The latest round of nuclear disarmament talks with North Korea ended today without an agreement. That means North Korea joins the list of unresolved foreign policy issues waiting for President-elect Barack Obama. The World's Matthew Bell reports.
North Korea followed through on its threats and conducted its third nuclear test on Tuesday, Monday night in the United States, believed to be its most powerful to date. The test was roundly criticized, even by North Korea's lone ally, China. A United Nations Security Council meeting has been called.
North Korea funds 10 high schools in Japan. These schools cater to students of Korean descent living in Japan, and the schools aren't popular with the Japanese government. Reporter Akiko Fujita explains.
The World's Mary Kay Magistad speaks with anchor Lisa Mullins about the future of North Korea's leadership. It's expected that the son of ailing leader, Kim Jong Il is next in line. It also appears that Kim's young sister may play a critical role.
Very little is known about the son of North Korea's Kim Jong Il. A few pictures have emerged showing the rather pudgy young man. Jason Strother reports North Koreans are asking questions about the son's girth while the rest of the country goes hungry.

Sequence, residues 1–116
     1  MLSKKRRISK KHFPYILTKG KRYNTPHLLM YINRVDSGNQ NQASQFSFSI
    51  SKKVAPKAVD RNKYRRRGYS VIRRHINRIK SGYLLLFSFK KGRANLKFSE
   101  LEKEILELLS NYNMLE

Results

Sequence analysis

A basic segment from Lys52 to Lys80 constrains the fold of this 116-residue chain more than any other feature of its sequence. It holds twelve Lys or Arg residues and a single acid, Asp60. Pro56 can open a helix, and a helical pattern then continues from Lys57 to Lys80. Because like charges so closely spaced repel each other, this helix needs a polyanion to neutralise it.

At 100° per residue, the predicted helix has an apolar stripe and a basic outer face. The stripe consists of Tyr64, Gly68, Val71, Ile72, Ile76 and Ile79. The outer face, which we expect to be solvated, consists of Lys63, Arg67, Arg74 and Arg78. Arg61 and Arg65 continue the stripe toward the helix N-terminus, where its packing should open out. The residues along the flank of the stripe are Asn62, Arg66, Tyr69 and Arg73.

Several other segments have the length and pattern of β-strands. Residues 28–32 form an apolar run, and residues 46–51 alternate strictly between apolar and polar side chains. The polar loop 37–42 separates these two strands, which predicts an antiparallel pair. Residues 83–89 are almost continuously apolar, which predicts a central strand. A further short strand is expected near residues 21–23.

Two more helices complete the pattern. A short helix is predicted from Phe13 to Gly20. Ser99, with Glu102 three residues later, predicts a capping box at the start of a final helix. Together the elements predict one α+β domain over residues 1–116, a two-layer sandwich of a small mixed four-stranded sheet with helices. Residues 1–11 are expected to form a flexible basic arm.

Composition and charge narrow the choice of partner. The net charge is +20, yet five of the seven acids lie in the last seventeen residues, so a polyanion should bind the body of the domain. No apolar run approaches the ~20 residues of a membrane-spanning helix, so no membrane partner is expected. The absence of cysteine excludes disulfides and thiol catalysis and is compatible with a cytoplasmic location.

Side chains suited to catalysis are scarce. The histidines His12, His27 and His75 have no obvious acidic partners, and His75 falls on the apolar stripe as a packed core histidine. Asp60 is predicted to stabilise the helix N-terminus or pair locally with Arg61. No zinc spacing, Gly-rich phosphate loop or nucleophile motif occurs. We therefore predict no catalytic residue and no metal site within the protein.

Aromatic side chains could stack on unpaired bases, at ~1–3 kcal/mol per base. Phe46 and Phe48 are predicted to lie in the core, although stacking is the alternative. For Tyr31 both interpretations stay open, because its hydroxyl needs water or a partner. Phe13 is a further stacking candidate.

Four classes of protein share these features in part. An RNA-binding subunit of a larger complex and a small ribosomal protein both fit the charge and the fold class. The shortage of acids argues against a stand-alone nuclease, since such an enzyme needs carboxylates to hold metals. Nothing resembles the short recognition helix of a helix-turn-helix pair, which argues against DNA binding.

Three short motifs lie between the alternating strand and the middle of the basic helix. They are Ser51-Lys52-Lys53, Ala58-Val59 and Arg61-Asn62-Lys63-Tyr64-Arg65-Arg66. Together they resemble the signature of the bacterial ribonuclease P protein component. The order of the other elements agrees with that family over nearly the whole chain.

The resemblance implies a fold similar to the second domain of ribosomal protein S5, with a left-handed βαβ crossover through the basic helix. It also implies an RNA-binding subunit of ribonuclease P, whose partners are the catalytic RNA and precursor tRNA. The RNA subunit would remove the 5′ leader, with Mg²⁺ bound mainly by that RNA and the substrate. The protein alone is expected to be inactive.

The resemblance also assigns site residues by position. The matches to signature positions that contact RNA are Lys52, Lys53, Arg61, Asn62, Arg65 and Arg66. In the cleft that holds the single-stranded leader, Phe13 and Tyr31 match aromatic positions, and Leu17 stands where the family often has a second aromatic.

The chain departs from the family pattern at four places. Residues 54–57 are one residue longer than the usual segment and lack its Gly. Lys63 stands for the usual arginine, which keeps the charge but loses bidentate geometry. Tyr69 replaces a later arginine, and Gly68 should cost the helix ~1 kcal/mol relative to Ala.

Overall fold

Between them, Randy Kaplan and Zoltan Marian have collected more than 2000 autographs of heads of states, royals and popes. They share a kind of ethical code, but differ when it comes to who will they include in their collections.
The last time North Korea had a transition of power, people in the South feared the outbreak of war. Now they're taking it in stride. And as Jason Strother reports, some see the change as an opportunity for South Korean business.
North Korea on Wednesday announced it's suspending its nuclear activities and missile tests in a breakthrough in negotiations with Washington. Lisa Mullins speaks with Stephen Bosworth, the former US special representative for North Korea Policy.